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[pal-imp-sest] /ˈpæl ɪmpˌsɛst/
a parchment or the like from which writing has been partially or completely erased to make room for another text.
Origin of palimpsest
1655-65; < Latin palimpsēstus < Greek palímpsēstos rubbed again (pálin again + psēstós scraped, rubbed, verbid of psân to rub smooth)
Related forms
palimpsestic, adjective Unabridged
Based on the Random House Dictionary, © Random House, Inc. 2015.
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Examples from the web for palimpsest
  • Covering its surface is an intricate palimpsest of characters and pictures, some of them dating back more than a millennium.
  • Haynes has produced a dizzying palimpsest of images and styles, in which his subject appears in the form of six different people.
  • Each year adds another layer to this palimpsest of obsessions.
  • The pebble lag above the exposure surface is a transgressive palimpsest deposit.
  • The work thus conveys the sense that viewers are looking at a palimpsest, with earlier faint traces of writing.
  • To image the palimpsest pages, the parchment is framed and placed in a stage that moves according to the raster method.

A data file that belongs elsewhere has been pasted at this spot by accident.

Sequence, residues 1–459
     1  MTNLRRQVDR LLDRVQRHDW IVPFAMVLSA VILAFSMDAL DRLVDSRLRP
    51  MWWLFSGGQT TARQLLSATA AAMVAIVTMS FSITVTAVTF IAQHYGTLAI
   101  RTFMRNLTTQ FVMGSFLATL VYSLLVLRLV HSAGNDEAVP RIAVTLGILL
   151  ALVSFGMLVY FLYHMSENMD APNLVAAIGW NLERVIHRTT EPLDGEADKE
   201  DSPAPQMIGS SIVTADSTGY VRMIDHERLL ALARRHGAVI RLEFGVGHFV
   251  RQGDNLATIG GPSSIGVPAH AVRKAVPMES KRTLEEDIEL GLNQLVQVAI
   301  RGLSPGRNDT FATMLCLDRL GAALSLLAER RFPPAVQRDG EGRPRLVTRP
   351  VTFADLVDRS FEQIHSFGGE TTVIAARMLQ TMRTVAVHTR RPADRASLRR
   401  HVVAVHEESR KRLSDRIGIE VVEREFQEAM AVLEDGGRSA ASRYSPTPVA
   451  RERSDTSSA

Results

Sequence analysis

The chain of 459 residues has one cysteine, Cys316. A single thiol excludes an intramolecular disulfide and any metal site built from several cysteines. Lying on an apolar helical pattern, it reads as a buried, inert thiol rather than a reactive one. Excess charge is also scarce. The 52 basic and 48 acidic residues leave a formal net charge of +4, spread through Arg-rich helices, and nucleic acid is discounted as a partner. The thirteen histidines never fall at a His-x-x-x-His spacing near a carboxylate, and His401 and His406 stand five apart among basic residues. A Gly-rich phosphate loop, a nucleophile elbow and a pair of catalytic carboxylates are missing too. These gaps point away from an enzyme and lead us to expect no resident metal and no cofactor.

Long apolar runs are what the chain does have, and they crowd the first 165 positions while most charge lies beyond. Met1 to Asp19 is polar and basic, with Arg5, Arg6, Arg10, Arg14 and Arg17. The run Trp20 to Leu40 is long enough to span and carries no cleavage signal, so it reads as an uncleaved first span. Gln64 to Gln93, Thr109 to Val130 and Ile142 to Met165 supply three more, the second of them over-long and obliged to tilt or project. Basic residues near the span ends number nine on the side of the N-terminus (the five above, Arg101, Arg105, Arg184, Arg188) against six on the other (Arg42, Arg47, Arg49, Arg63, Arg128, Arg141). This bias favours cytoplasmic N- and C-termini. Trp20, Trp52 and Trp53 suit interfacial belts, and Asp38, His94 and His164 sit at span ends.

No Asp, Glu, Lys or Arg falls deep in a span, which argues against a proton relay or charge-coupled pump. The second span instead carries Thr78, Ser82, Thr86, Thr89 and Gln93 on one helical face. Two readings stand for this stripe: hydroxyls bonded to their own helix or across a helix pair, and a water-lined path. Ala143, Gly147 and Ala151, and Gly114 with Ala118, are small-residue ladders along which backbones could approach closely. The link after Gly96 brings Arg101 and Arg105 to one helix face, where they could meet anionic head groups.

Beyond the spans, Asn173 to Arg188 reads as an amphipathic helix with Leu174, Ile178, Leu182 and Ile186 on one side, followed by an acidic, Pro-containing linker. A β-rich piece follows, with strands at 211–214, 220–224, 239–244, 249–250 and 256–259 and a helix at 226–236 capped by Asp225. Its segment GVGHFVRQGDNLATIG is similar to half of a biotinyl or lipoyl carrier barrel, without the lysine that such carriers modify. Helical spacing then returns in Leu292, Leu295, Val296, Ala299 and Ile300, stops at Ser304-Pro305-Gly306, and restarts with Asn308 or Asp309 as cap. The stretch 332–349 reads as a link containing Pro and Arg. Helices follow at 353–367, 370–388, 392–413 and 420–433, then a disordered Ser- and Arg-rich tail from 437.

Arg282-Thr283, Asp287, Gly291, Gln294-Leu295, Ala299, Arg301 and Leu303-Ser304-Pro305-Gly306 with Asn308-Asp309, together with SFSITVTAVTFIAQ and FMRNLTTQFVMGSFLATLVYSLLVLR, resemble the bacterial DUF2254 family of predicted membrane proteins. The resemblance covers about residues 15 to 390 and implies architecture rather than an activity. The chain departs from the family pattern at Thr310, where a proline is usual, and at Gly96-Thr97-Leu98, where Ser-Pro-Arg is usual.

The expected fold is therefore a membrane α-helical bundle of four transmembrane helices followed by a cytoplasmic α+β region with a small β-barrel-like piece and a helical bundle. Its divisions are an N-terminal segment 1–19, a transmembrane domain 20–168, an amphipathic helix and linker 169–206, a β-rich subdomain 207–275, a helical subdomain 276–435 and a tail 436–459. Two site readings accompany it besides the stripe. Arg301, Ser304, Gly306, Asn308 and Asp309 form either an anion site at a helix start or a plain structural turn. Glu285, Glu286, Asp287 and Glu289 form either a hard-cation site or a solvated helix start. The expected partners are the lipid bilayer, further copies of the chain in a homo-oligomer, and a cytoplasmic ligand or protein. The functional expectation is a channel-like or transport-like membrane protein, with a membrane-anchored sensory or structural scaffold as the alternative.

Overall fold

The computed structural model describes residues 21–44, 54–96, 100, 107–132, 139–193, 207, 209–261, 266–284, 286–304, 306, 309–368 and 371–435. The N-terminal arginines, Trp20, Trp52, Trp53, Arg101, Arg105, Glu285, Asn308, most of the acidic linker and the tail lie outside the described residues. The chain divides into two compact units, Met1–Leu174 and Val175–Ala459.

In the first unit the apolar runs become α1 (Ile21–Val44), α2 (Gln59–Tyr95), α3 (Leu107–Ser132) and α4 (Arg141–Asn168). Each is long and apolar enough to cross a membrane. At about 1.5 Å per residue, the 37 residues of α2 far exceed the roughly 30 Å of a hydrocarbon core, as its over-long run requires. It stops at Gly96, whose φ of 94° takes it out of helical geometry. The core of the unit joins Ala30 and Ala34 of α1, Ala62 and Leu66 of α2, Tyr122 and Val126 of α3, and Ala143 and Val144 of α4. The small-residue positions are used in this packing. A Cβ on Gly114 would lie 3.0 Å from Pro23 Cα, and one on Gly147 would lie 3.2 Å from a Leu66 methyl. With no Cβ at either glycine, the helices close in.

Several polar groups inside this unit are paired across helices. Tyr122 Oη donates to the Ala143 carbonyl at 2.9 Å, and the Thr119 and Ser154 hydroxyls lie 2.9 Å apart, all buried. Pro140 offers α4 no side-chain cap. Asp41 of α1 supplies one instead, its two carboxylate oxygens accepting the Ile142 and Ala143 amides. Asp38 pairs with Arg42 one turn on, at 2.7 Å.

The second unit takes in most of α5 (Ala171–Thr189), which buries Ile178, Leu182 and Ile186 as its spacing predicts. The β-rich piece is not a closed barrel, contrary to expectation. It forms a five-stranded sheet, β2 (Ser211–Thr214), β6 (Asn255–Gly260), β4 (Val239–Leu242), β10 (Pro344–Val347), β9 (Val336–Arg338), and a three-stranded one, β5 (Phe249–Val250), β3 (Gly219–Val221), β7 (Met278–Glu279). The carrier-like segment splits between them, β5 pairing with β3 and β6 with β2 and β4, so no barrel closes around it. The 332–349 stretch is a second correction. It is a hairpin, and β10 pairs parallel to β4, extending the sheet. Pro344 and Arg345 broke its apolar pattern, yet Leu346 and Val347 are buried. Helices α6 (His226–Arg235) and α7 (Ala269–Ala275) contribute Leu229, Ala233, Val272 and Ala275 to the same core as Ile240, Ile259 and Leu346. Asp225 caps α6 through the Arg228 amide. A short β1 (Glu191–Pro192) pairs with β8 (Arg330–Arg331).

British Dictionary definitions for palimpsest


a manuscript on which two or more successive texts have been written, each one being erased to make room for the next
(of a text) written on a palimpsest
(of a document) used as a palimpsest
Word Origin
C17: from Latin palimpsestus parchment cleaned for reuse, from Greek palimpsēstos, from palin again + psēstos rubbed smooth, from psēn to scrape
Collins English Dictionary - Complete & Unabridged 2012 Digital Edition
© William Collins Sons & Co. Ltd. 1979, 1986 © HarperCollins
Publishers 1998, 2000, 2003, 2005, 2006, 2007, 2009, 2012
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Word Origin and History for palimpsest

"parchment from which earlier writing has been removed to clear it for new writing," 1660s, from Latin palimpsestus, from Greek palimpsestos "scraped again," from palin "again" (see palindrome) + verbal adjective of psen "to rub smooth" (of uncertain origin).

Online Etymology Dictionary, © 2010 Douglas Harper
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